While cat licks are usually harmless, be cautious of excessive licking that leads to irritation. And avoid licks near wounds or sensitive skin. Understanding the context behind your cat’s licking habits will help you bond.

Encouraging Licks from Your Cat

Cats often use licking as a way to strengthen their bond with their owners. If you enjoy your cat’s morning licks and want to encourage more, there are a few tips:

Use positive reinforcement with treats when your cat licks you. Give them a small treat right after so they associate licking with a reward. Just be careful not to overfeed. As recommended by Purina, you can distract them with a treat if the licking becomes excessive.1

Regular grooming and petting is important for bonding. Set aside time each day to brush your cat and give them affection. This provides close interaction they crave.

Make sure your cat gets plenty of playtime and stimulation. An energetic, engaged cat will be less likely to act out with obsessive licking. Use interactive toys and play games to keep them active and entertained.

When to Avoid Cat Licks

While cat licks are usually a sign of affection, there are some situations where it’s best to discourage this behavior:

If you have any open cuts or wounds on your skin, avoid letting your cat lick these areas, as their saliva contains bacteria that can cause infection. Gently redirect your cat if they try to lick wounds and clean & bandage any injuries.

Cats can transmit some illnesses through saliva, such as cat scratch fever. If you or your cat are sick, limit licking contact to avoid spreading infection.

Excessive licking can be a sign of over-grooming behavior, which may indicate anxiety, stress or a medical issue. Consult your vet if your cat’s licking seems obsessive. Provide more enrichment and affection to anxious cats.

While morning licks are usually a happy cat greeting, be cautious if licking becomes excessive. Protect injuries, reduce contact when ill, and watch for obsessive grooming behavior. With some care, you can safely enjoy your cat’s licking and kissing.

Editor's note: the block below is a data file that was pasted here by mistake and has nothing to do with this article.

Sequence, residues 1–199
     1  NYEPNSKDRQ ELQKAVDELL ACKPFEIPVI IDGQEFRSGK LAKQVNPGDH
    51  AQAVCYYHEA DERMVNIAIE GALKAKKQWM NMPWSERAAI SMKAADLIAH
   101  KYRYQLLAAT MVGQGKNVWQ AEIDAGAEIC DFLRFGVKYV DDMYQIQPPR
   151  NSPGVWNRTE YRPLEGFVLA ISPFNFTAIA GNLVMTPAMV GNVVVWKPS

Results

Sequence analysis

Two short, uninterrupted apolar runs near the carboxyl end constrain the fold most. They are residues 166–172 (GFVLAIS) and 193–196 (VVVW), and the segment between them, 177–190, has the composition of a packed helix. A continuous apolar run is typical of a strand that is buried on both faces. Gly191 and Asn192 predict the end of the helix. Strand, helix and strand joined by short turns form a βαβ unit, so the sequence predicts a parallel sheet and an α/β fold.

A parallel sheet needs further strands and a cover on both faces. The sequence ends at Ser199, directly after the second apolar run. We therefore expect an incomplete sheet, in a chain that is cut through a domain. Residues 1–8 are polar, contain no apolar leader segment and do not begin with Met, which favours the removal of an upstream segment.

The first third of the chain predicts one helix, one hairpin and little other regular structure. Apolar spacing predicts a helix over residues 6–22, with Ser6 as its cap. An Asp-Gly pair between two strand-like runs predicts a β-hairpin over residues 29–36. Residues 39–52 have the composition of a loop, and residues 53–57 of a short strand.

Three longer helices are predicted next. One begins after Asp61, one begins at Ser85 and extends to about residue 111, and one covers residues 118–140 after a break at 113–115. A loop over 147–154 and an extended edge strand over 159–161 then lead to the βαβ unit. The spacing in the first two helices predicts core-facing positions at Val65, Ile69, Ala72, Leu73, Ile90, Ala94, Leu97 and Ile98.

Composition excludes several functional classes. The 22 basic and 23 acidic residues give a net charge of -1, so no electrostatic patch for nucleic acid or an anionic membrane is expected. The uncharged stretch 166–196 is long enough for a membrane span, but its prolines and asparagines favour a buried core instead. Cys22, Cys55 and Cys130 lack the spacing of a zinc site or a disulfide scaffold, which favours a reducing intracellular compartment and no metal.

Alternatives to Licking

While some cat licks are normal, excessive licking can be a sign of anxiety or boredom. There are several healthy alternatives cats can do to show affection instead of constant licking:

Cuddling – Cats often enjoy curling up in their owner’s lap or snuggling up beside them while sleeping. This close contact is a natural way for cats to bond and feel secure. The warmth and touch stimulate the release of oxytocin, bringing feelings of attachment.

Rubbing on owners – Cats have scent glands in their cheeks and often rub up against their owners to mix scents. This “marking” behavior is a sign of trust and affection. Allowing your cat to rub up against you gives them an outlet for bonding.

Purring and kneading – A cat’s purr vibrates at a frequency thought to promote healing and relaxation. Paired with kneading or massaging an owner with their paws, purring provides comfort and connection. These behaviors are instinctive ways cats show contentment.

Gifts of prey – In the wild, cats would bring home prey to feed their young or as an offering to a mate. Domestic cats may leave “gifts” of prey like mice to show their owner they can provide. While unappealing to humans, it’s a natural sign of a cat’s affection.

Redirecting compulsive licking to any of these bonding behaviors can strengthen your relationship with your cat. Just be sure excessive licking isn’t caused by a medical issue. Ask your veterinarian for advice if needed. For more information see this article on healthy alternatives.

Safety Precautions

While cat licks are generally safe, there are some precautions humans should take:

Clean hands after licks. As mentioned, cat saliva can contain bacteria that are harmless to felines but problematic for humans. Thoroughly washing hands with soap and water after interacting with a cat can help reduce risk of transmission.

Monitor for skin irritation. Some people may experience rashes, redness or itching from cat saliva. Pay attention to any reactions after being licked and consider limiting a cat’s access to affected areas.

Avoid mucous membranes. Cats should not be allowed to lick the face or inside of mouth/nose. These areas contain delicate tissue that could be easily irritated by bacteria in saliva. Also refrain from letting cats lick open wounds, which could lead to infection.

While most cat licks are innocent bonds of affection, taking basic precautions allows enjoying those special moments without worry. With proper hand hygiene and awareness, human-feline licking interactions can remain positive experiences.

The Bond Between Cats and Humans

A cat’s morning licks can help strengthen the bond between cats and their human companions. Licking is a social grooming behavior for cats that reinforces bonds and relationships. When a cat licks a human, it shows they are comfortable with and trust that person. According to The Atlantic, cat licking releases oxytocin in both the cat and the human, which promotes bonding and decreases stress levels[1]. By licking their human in the morning, a cat is showing affection and trust. They are also seeking to reduce any anxiety or stress their human companion may be feeling to start the day. So while cat licks may not be exactly like human kisses, they certainly are a sign of a close, loving bond between cat and human.